Think like a programmer. Problem solving lesson

Original author: Richard Reis
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If you are interested in programming, you may have heard the phrase:
“Everyone has to learn programming, because it teaches thinking.”

- Steve Jobs

Perhaps you also wondered what it means to think as a programmer?

In fact, we are talking about a more efficient way to solve problems.

This post aims to teach you this.

After reading it, you will more accurately understand what needs to be done to find the best solutions.

Why is it important?

Problem solving is a basic skill.

We are constantly solving problems. Big and small. How do we do it? Sometimes it's good ... if you're lucky.

If you do not have a systematic approach, then you probably solve problems as follows (I did this when I first started coding):

  1. try the solution
  2. if it doesn't fit, then try another
  3. if it didn’t work, repeat point 2 until the victory.

You may be lucky, but this is the worst way! And it can take a lot of time.

The best way:

  1. have a systematic approach
  2. put it into practice.

“Most employers consider problem solving skills to be more important.

The ability to solve problems almost unanimously is the most important ability that employers are looking for ... More important than knowledge of programming languages, debugging and system design.

Demonstrating integrated thinking and the ability to solve big challenges are just as valuable (if not more) than the basic technical skills needed to work. ”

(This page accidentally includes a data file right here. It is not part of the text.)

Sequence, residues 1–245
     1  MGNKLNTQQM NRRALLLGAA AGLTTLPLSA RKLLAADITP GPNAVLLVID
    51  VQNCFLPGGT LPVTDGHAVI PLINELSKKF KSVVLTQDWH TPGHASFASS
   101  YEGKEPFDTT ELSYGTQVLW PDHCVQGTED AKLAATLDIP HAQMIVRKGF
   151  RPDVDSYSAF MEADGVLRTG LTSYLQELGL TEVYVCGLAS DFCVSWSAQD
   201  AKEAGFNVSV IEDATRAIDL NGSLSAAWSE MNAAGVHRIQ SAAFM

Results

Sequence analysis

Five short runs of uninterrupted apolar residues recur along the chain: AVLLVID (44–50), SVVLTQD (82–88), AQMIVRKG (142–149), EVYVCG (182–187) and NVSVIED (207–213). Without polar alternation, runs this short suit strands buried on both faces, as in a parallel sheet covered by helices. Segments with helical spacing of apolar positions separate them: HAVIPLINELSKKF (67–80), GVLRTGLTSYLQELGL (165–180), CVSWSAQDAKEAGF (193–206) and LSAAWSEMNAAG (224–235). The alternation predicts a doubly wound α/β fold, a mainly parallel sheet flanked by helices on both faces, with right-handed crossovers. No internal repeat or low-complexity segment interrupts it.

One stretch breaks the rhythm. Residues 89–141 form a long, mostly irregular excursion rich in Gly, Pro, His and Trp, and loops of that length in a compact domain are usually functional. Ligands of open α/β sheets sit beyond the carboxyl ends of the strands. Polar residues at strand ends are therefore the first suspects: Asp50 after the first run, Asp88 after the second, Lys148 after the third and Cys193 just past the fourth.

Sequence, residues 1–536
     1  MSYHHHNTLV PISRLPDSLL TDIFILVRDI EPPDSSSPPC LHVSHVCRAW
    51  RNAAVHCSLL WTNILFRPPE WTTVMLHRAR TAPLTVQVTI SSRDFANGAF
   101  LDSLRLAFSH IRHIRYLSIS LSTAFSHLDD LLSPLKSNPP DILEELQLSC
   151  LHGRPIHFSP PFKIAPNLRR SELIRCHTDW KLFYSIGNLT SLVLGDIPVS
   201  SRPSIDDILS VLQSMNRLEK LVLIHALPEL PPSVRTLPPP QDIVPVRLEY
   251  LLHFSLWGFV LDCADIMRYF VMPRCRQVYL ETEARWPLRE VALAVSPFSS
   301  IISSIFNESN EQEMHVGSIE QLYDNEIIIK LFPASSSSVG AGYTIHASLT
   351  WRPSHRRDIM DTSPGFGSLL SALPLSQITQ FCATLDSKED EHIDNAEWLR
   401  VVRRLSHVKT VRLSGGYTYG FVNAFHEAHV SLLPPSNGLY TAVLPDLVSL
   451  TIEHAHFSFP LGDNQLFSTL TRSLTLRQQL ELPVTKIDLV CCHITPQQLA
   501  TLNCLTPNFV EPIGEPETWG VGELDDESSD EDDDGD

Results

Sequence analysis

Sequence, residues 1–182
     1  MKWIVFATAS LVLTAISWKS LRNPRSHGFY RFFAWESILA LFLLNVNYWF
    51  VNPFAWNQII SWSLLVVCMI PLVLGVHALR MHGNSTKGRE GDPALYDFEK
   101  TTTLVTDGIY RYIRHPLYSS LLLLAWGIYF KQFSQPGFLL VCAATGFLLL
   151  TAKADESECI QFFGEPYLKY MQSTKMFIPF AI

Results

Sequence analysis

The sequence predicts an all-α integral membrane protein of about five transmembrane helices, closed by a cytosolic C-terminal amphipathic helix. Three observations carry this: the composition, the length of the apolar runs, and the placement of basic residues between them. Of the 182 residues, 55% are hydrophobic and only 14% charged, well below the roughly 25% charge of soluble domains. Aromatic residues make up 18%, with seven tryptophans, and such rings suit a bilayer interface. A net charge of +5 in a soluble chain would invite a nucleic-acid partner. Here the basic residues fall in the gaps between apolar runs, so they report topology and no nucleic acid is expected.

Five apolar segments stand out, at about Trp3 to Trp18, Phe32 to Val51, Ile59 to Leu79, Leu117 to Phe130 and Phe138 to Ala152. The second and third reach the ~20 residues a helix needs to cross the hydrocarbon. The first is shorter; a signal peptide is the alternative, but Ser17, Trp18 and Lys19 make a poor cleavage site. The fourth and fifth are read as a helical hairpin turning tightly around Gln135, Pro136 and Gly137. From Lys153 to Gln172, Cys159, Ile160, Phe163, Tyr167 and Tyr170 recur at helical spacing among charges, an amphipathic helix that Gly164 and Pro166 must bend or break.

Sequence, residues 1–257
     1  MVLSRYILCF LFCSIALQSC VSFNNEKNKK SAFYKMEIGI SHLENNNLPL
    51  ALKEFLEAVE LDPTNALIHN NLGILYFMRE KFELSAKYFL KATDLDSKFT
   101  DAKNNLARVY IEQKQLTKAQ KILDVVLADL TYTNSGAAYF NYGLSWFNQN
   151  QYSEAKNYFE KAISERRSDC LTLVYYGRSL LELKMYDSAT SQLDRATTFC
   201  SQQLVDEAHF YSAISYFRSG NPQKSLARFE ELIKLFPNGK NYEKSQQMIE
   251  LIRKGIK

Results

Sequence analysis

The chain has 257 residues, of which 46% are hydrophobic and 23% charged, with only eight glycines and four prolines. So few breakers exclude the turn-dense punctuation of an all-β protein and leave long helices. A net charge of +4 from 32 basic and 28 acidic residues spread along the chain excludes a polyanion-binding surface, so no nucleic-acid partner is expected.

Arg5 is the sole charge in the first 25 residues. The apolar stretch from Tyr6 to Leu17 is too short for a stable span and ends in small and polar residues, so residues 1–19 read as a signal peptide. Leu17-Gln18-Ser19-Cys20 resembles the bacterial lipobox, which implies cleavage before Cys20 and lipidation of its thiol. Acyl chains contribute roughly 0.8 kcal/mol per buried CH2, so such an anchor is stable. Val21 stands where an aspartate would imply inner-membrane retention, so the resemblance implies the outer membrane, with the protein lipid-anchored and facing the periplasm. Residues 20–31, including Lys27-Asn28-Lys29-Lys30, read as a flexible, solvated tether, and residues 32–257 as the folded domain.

- Hacker Rank ( 2018 Developer Skills Report )

Systems approach

To find the right approach, I followed the advice from the book by Tim Ferriss about learning " The 4-Hour Chef ".

This led me to an interview with two really impressive people: C. Jordan Ball (ranked 1st or 2nd place out of 65,000 Coderbyte users ) and V. Anton Spraul (author of Think Like a Programmer. A creative approach to creating code. ").

I asked them the same questions, and guess what? Their answers were very similar!

Soon you will recognize them too.

Note: this does not mean that they all do the same. They are different people, and you are different from them. But if you start with the correct basic principles, the result will be much better and much faster.
“The most serious mistake I see among young programmers is a focus on learning syntax, instead of learning how to solve problems.”

- V. Anton Spraul

So what to do when you face a new challenge?

We will analyze in steps:

1. Understanding

Understand what specifically needs to be done. Most tasks are difficult because you don’t understand them (which is why this is the first step).

How do I know that you understand the essence of the problem? Try to explain it in simple language.

Remember the case when you stuck on a task and started explaining it to yourself. At this moment logical errors appear that you have not seen before.

Most programmers are familiar with this feeling.